Farmers help to catch poachers

Limpopo game farmers are outraged that people they trusted, including vets, have been implicated in alleged rhino poaching in the province, although some farmers were instrumental in their arrest.

This week police smashed what they believe is a major rhino-poaching ring, in which well-organised South African hunting outfits might have been supplying Vietnamese and Chinese syndicates with rhino horn.

On Monday Dawie Groenewald and his wife, Sariette Groenewald, of Out of Africa Adventurous Safaris, and a contracted hunter, Tielman Erasmus, were arrested at a farm near Louis Trichardt. Also among those held in raids by the South African Police Service were two vets from the Modimolle area, Karel Toet and Manie du Plessis, and Toet’s wife, Mariza.

Dawie Groenewald was released on R1-million bail and Sariette Groenewald on bail of R100 000.

The arrests follow the netting earlier this year of George Fletcher of Sandhurst Safaris and Gerhardus Saaiman of Saaiman Aviation, who will stand trial in October on rhino-poaching charges.

The National Prosecuting Authority said in May that the Asset Forfeiture Unit had confiscated a small helicopter and an Aerostar plane belonging to Saaiman as part of a restraint order for R45-million.

In the Limpopo bust police reportedly traced a helicopter seen at a number of the poaching sites back to Sariette Groenewald. According to Beeld, the chopper belonged to Valinor Trading 142, of which she is a director.

Renita Prinsloo, secretary of the Makhado district farmers’ union, said that a farmer in the area had followed a Robinson R44 helicopter to Marken and alerted the police. She said the farmers had become informed aerial spotters. “We feel like air traffic controllers these days,” she said. “Anything in the sky gets queried.”

Prinsloo, who coordinates intelligence from the farmers, said the police had been very sharp in their operations. “We’ve established quite an efficient intelligence network to spot potential poachers and close off roads when necessary, working with the police,” she said.

Five rhinos were killed in the Makhado district in the past month, and a number of killings were prevented.

“Farmers are gatvol [fed up]; they’re very enthusiastic about catching the perpetrators,” she said, adding that the community is shocked by the involvement of the vets and their alleged role as intelligence-gatherers. Toet and Du Plessis are well-known specialists with a good reputation in the area, she said.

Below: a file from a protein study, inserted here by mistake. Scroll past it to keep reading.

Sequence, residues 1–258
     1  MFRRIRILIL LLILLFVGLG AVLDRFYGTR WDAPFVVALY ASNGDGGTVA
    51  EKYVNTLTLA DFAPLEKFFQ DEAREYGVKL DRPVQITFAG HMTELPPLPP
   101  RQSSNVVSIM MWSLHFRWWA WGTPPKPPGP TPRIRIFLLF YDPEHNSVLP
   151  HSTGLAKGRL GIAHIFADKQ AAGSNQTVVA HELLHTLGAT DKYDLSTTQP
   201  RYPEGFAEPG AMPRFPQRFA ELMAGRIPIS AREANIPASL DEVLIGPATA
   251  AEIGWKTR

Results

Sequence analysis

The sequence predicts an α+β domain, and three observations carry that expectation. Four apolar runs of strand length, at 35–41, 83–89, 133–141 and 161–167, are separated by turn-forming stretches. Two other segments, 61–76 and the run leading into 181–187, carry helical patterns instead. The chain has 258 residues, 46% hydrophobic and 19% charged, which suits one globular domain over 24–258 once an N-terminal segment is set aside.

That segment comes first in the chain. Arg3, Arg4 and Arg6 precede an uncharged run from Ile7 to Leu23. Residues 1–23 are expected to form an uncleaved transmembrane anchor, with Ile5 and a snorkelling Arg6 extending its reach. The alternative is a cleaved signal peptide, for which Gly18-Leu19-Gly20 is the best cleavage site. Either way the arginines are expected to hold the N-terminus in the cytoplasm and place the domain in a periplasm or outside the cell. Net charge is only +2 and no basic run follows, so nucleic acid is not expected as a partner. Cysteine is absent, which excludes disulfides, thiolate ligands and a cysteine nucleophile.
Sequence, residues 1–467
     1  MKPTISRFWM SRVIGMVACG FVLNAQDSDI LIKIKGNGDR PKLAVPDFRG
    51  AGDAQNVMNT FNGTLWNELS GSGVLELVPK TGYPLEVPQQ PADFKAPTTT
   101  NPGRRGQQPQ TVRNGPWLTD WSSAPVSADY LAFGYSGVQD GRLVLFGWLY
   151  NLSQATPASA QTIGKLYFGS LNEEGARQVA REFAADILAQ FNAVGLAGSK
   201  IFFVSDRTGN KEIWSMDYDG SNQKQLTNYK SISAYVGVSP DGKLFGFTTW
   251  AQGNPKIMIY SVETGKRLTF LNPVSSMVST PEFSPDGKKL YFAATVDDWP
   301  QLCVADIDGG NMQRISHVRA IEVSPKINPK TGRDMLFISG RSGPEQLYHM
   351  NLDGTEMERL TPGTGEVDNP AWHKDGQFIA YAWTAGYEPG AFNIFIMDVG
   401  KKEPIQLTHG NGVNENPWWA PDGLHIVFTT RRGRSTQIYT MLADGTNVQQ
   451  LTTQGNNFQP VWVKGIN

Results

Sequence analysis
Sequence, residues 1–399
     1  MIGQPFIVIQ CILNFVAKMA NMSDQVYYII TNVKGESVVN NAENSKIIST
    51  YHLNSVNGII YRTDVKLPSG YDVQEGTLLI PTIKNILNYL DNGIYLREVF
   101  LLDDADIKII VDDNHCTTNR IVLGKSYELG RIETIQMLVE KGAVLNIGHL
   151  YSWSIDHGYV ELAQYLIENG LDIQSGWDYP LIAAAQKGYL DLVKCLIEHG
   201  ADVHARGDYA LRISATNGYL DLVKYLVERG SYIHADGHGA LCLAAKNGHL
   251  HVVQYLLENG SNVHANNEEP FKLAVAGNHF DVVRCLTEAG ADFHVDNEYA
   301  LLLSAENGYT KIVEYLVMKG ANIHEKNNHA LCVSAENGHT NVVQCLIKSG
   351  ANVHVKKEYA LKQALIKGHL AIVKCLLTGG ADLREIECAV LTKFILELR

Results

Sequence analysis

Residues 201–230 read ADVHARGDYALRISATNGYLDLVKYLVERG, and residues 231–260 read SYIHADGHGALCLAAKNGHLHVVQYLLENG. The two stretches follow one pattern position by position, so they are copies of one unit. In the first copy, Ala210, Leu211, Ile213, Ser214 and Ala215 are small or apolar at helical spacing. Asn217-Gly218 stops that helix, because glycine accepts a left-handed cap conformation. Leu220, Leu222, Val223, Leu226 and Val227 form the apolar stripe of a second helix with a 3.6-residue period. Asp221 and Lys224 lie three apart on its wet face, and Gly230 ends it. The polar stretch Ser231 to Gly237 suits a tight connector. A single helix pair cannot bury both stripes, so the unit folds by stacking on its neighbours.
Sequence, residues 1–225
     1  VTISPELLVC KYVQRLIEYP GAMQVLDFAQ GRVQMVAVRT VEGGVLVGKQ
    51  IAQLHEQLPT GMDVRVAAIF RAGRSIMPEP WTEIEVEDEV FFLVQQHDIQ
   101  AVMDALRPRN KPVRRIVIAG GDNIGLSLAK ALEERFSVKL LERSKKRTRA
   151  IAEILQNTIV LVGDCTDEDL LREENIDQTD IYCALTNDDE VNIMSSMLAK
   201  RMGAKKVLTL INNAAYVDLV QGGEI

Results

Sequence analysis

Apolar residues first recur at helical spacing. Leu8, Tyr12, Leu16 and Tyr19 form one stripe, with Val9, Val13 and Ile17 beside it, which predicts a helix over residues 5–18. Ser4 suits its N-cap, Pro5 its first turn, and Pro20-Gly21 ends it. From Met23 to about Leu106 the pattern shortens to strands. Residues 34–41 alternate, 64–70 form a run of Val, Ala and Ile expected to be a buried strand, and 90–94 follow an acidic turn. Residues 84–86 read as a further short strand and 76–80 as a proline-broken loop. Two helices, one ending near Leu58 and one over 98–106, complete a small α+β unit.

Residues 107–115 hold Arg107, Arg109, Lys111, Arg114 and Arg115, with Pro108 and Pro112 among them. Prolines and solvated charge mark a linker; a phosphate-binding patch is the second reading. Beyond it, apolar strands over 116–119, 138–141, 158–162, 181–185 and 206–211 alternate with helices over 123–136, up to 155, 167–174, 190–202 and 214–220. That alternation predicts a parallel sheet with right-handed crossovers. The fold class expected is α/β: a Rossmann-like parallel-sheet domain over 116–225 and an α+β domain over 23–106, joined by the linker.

“Farmers are livid. They trusted these people to come on to their farms and nurse their animals. Meanwhile, they were gathering information. Because of their work they knew how many animals there are on each game farm and where the bomas are. They knew which farmers are businessmen and would be away from their farms. And they knew the farms’ borders.”

No surprise
But the arrest of individuals linked to Out of Africa does not seem to have surprised the Limpopo farming community. Prinsloo said one of the farmers in the area, who knew the Groenewalds, grew suspicious when the former policeman started displaying new-found wealth.

Following an investigation, Out of Africa was expelled from Zimbabwe by nature conservation authorities for apparent illegal activities in 2005. Groenewald was also suspended from the South African Professional Hunters’ Association in 2006 for unethical behaviour and in April this year was arrested in the United States when he tried to smuggle a leopard skin into the country. Beeld reported that he pleaded guilty and was sentenced to a fine of $30 000.

Erasmus, a former recce, also attracted attention. A source close to the Erasmus family said he had suddenly begun accumulating money.

Johnny Rodrigues, the chairperson of civilian group Zimbabwe Conservation Task Force, said this week that he believed Groenewald was part of the “Musina mafia” that ran illegal hunts in Zimbabwe.

The M&G reported in 2003 that South African hunters had moved into Zimbabwe to hunt on farms seized by “war vets” without the necessary permits. Groenewald said at the time that all his papers were in order but he was expelled soon afterwards.

Both Groenewald and his wife’s phones were switched off on Wednesday and they could not be reached for comment. Erasmus did not respond to a message.

Meanwhile, the arrest of three press photographers and the manhandling of one of them yesterday by police at the court appearance of the suspected poachers was condemned by the South African National Editors’ Forum. The three were detained for 45 minutes at the Musina police station and prevented from taking pictures of the accused. The men were later released after interventions by a prosecutor and acting police Hawks spokesperson Colonel Vishnu Naidoo.

Yolandi Groenewald
Yolandi Groenewald
Yolandi Groenewald is a South African environmental reporter, particularly experienced in the investigative field. After 10 years at the Mail & Guardian, she signed on with City Press in 2011. Her investigative environmental features have been recognised with numerous national journalism awards. Her coverage revolves around climate change politics, land reform, polluting mines, and environmental health. The world’s journey to find a deal to address climate change has shaped her career to a great degree. Yolandi attended her first climate change conference in Montreal in 2005. In the last decade, she has been present at seven of the COP’s, including the all-important COP15 in Copenhagen in 2009. South Africa’s own addiction to coal in the midst of these talks has featured prominently in her reports.

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